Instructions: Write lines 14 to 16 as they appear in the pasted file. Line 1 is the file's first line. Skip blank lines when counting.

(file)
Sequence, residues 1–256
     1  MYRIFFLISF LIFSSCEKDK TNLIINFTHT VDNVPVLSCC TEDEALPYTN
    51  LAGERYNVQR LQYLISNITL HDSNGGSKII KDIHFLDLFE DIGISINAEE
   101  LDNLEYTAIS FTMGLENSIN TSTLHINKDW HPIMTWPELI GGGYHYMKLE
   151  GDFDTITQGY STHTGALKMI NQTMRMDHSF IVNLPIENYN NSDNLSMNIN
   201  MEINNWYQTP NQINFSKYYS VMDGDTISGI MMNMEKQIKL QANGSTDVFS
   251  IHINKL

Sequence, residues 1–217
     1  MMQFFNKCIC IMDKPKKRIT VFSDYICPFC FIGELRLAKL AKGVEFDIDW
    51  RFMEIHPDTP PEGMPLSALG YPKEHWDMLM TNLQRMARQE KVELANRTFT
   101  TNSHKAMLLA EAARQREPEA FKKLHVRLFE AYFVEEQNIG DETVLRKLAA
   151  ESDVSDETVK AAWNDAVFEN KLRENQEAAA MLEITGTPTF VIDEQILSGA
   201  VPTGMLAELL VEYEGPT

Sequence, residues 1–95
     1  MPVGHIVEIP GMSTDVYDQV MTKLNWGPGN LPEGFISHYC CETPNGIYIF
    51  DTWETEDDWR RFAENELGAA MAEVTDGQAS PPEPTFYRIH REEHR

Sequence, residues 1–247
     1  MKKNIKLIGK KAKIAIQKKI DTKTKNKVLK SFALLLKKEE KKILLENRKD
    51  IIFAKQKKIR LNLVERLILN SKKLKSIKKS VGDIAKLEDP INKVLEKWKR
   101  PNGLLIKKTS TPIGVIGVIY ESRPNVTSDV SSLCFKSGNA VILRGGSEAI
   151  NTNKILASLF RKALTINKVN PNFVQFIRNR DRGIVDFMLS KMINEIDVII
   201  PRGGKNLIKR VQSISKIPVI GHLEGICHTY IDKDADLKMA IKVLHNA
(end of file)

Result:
Sequence, residues 1–95
     1  MPVGHIVEIP GMSTDVYDQV MTKLNWGPGN LPEGFISHYC CETPNGIYIF
    51  DTWETEDDWR RFAENELGAA MAEVTDGQAS PPEPTFYRIH REEHR